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Open Access Research article

Comprehensive profiling of zebrafish hepatic proximal promoter CpG island methylation and its modification during chemical carcinogenesis

Leda Mirbahai1*, Timothy D Williams1, Huiqing Zhan2, Zhiyuan Gong2 and J Kevin Chipman1

Author affiliations

1 School of Biosciences, The University of Birmingham, Edgbaston, Birmingham, B15 2TT, UK

2 Department of Biological Sciences, 14 Science Drive 4, National University of Singapore, Singapore 117543

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Citation and License

BMC Genomics 2011, 12:3  doi:10.1186/1471-2164-12-3

Published: 4 January 2011

Abstract

Background

DNA methylation is an epigenetic mechanism associated with regulation of gene expression and it is modulated during chemical carcinogenesis. The zebrafish is increasingly employed as a human disease model; however there is a lack of information on DNA methylation in zebrafish and during fish tumorigenesis.

Results

A novel CpG island tiling array containing 44,000 probes, in combination with immunoprecipitation of methylated DNA, was used to achieve the first comprehensive methylation profiling of normal adult zebrafish liver. DNA methylation alterations were detected in zebrafish liver tumors induced by the environmental carcinogen 7, 12-dimethylbenz(a)anthracene. Genes significantly hypomethylated in tumors were associated particularly with proliferation, glycolysis, transcription, cell cycle, apoptosis, growth and metastasis. Hypermethylated genes included those associated with anti-angiogenesis and cellular adhesion. Of 49 genes that were altered in expression within tumors, and which also had appropriate CpG islands and were co-represented on the tiling array, approximately 45% showed significant changes in both gene expression and methylation.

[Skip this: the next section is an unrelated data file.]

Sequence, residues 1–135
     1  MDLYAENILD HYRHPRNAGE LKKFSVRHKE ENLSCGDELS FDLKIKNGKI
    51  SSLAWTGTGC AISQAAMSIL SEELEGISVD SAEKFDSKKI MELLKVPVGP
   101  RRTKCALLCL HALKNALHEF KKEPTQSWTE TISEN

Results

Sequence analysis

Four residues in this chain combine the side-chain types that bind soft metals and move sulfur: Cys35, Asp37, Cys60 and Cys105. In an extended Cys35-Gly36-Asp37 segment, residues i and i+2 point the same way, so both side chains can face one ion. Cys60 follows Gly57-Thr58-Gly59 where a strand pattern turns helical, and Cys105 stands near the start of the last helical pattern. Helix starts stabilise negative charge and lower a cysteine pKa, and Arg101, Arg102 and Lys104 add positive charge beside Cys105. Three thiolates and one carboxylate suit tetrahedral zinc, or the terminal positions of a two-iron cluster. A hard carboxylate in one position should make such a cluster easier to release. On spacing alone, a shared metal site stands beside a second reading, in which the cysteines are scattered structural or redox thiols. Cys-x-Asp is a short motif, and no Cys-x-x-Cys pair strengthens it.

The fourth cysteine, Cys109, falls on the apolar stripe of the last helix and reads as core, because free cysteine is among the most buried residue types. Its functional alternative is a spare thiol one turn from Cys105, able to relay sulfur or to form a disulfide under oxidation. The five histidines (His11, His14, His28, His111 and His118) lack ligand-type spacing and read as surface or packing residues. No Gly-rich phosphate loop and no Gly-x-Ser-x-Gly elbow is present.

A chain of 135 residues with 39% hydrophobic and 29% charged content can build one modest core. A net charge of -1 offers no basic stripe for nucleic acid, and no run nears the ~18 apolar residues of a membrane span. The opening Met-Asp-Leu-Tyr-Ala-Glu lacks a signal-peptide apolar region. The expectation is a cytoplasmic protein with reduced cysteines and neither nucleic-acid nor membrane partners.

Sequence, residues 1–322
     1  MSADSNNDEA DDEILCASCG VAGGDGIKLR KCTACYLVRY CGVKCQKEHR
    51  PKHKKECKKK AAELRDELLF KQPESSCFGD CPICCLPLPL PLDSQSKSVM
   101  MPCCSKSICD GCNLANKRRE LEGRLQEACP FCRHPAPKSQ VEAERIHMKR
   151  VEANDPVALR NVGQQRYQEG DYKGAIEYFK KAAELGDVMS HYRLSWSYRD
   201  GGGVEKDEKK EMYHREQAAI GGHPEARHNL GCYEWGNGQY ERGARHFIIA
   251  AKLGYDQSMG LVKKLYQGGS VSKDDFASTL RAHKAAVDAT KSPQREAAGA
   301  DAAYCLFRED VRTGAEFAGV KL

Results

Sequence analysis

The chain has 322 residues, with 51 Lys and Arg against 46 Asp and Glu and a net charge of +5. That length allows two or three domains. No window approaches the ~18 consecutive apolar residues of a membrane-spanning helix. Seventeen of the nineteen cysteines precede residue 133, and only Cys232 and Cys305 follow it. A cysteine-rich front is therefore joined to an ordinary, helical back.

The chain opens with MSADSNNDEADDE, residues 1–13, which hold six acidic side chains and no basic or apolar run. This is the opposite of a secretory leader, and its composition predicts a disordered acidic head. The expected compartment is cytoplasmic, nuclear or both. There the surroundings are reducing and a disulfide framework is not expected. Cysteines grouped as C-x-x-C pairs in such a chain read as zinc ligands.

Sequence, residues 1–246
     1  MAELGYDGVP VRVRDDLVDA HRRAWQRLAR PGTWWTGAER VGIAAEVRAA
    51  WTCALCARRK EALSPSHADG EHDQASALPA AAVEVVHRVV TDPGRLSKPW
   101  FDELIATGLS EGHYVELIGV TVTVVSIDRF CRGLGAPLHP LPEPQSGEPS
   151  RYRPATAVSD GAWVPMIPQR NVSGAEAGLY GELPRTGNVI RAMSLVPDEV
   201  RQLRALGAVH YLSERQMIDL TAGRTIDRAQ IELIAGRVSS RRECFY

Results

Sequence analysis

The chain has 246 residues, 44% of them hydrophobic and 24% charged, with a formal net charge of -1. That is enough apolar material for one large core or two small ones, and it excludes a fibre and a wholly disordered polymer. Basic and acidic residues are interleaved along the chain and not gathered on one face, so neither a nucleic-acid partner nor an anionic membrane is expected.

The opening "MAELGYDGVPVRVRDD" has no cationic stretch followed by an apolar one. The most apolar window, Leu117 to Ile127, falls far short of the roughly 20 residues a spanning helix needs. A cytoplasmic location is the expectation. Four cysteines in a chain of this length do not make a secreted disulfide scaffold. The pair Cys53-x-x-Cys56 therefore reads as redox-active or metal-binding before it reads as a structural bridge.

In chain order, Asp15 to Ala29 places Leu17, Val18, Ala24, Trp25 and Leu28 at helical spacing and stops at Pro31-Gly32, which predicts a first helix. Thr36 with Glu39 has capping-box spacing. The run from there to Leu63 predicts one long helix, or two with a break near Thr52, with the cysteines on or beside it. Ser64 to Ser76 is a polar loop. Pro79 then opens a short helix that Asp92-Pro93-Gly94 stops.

Conclusion

The functional pathways containing differentially methylated genes in zebrafish hepatocellular carcinoma have also been reported to be aberrantly methylated during tumorigenesis in humans. These findings increase the confidence in the use of zebrafish as a model for human cancer in addition to providing the first comprehensive mapping of DNA methylation in the normal adult zebrafish liver.